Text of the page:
Students and staff alike develop ideas and impressions of each other through their written communications. The method by which students and staff get to know each other depends on how each communicates in the written word. This often creates many great disadvantages: it lacks physical expression, ironic or worried or whatever a slight facial sign or expression could mean. It results in misunderstood and misinterpreted messages.
On other occasions, the written language can be an advantage: it reduces inhibitions which may otherwise result from the physical presence of the other, so students and staff can express what they think as they like. Many University members display an element of 'bravery' in their remarks which may otherwise be restricted by the mere physical presence of the other parties involved.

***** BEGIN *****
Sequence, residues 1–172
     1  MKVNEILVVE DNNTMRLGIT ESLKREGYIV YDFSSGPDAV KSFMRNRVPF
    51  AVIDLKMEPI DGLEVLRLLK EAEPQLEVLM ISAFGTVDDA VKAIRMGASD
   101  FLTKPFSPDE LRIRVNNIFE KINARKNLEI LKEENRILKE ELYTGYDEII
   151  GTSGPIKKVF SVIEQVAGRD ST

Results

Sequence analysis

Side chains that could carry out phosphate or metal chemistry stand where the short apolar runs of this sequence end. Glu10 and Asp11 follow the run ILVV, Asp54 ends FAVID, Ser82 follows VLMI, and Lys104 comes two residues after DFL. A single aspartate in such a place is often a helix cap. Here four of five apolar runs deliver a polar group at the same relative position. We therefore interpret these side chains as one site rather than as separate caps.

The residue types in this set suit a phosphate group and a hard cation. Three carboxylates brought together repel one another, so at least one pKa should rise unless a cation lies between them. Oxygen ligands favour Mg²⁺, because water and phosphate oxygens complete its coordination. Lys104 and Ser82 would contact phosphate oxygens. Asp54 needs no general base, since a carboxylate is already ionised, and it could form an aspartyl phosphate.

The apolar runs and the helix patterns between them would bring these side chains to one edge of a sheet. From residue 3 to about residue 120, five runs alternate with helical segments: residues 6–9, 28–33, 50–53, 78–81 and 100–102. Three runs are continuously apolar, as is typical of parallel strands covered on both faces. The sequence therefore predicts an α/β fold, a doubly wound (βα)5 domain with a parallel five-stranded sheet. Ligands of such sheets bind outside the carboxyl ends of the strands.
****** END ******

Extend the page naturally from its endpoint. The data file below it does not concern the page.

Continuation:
In less than one year the experiences of the UOC demonstrate that the Virtual Campus is far from utopia, despite the wizardry and wonder of new-fangled technologies. It is a practical reality catering for the needs of a community of students who otherwise would not have access to university education.
Furthermore, although this new system of education may act as a substitute to the traditional university by adapting the learning process to meet the needs of a post industrial society, it also offers a whole range of new possibilities to enhance the task of the traditional university. Thus the question we pose is not "The Virtual University ?, but now that it is a reality "How do we make the most of the Virtual University ?".